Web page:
Born in a barn in 1964, Boris had a tough start to life, not least because he was immediately trampled by a three-legged cow. He went to school at Eton, where he was made Milk Monitor and President of the Rollerhockey Club – an obscure position which dates back over a century, but one which he held with great pride.
Boris read Greats at Balliol College, Oxford, and by a serious of accidents became President of the Oxford Union. While there he appeared on University Challenge, where he incorrectly answered the decisive question on Twelfth Century poetry – he said ‘apple’, when the answer should have been ‘a three-legged cow’. He later said that the animal has haunted him throughout his life.
After university Boris tried unsuccessfully to train as a monk (he was thrown out of the monastery for refusing to remove any of his golden locks) and slid through a series of uninteresting jobs before finishing up as a trainee fire-eater in Peckham. Following a conversation with a police officer about a burning tree, Boris realised that his true vocation was journalism.
From that moment on Boris’s rise to the top was rapid: he passed through The Times and The Wolverhampton Express and Star before becoming a reporter for The Daily Telegraph, where he had responsibility for unearthing stories involving attractive young women whose photographs could be placed on the front page. His talent was soon spotted by The Spectator, and he was appointed its editor in 1999.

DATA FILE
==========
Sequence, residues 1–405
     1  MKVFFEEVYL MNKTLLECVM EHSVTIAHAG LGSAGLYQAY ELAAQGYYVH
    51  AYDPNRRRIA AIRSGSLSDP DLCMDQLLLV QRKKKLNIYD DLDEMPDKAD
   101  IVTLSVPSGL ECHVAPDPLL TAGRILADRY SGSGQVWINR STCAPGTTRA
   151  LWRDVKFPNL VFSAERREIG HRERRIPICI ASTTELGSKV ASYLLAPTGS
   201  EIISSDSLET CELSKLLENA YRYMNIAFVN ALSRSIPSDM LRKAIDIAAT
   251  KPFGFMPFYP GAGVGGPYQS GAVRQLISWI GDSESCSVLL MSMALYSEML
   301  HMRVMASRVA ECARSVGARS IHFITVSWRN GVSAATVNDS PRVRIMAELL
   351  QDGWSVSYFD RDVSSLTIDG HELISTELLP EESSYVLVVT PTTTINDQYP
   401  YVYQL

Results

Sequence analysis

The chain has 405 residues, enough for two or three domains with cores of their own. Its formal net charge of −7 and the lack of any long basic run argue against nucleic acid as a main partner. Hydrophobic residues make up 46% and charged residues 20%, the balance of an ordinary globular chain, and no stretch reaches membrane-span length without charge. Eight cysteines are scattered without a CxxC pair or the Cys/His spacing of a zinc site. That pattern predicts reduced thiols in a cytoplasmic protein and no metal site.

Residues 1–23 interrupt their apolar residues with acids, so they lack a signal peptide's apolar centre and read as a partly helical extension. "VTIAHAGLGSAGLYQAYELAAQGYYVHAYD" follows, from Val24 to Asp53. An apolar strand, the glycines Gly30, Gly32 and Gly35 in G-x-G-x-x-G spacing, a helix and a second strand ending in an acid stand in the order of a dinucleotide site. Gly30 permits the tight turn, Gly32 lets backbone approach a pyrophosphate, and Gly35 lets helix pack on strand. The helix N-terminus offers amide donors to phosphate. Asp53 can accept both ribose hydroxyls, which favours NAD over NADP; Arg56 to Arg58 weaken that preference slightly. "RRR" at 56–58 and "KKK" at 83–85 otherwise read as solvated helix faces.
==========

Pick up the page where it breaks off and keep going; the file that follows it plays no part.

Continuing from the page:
In parallel to his career in journalism is Boris’s career in politics. A founder member of the People’s Crumpet Alliance in his final year at Oxford, he went on to join the Conservative Party – ‘a natural progression’ – and was selected as its candidate for Clwyd South in 1997. After many months of trudging around Wales he realised on the night of the general election that it had in fact been a cruel joke, and his name was not even on the ballot paper. Central Office later told him that it would not have made any difference anyway.
Boris was not, however, disheartened for long. In 2001 he fought and won the seat of Henley-on-Thames, and has been its MP ever since. He won a substantial majority, at least in part due to the people of Henley deciding that having Boris as MP would be a ‘jolly good laugh’. It was at this point that Boris realised that being a politician was his real true vocation.
Once in Parliament Boris was made Shadow Minister for BBC Four, but later resigned after confessing in an interview on the channel that he never watched it and neither did Michael Howard. Luckily nobody saw the interview on BBC Four, so he managed to hang on for a month until it was shown on BBC Two.
Although relatively inexperienced in the House of Commons, Boris has won plaudits from all sides for his performances, which are now commonly reviewed the following day in the Arts section of the Observer. Always modest about his achievements and his prospects for political advancement, many around him are certain that he is destined for greater things.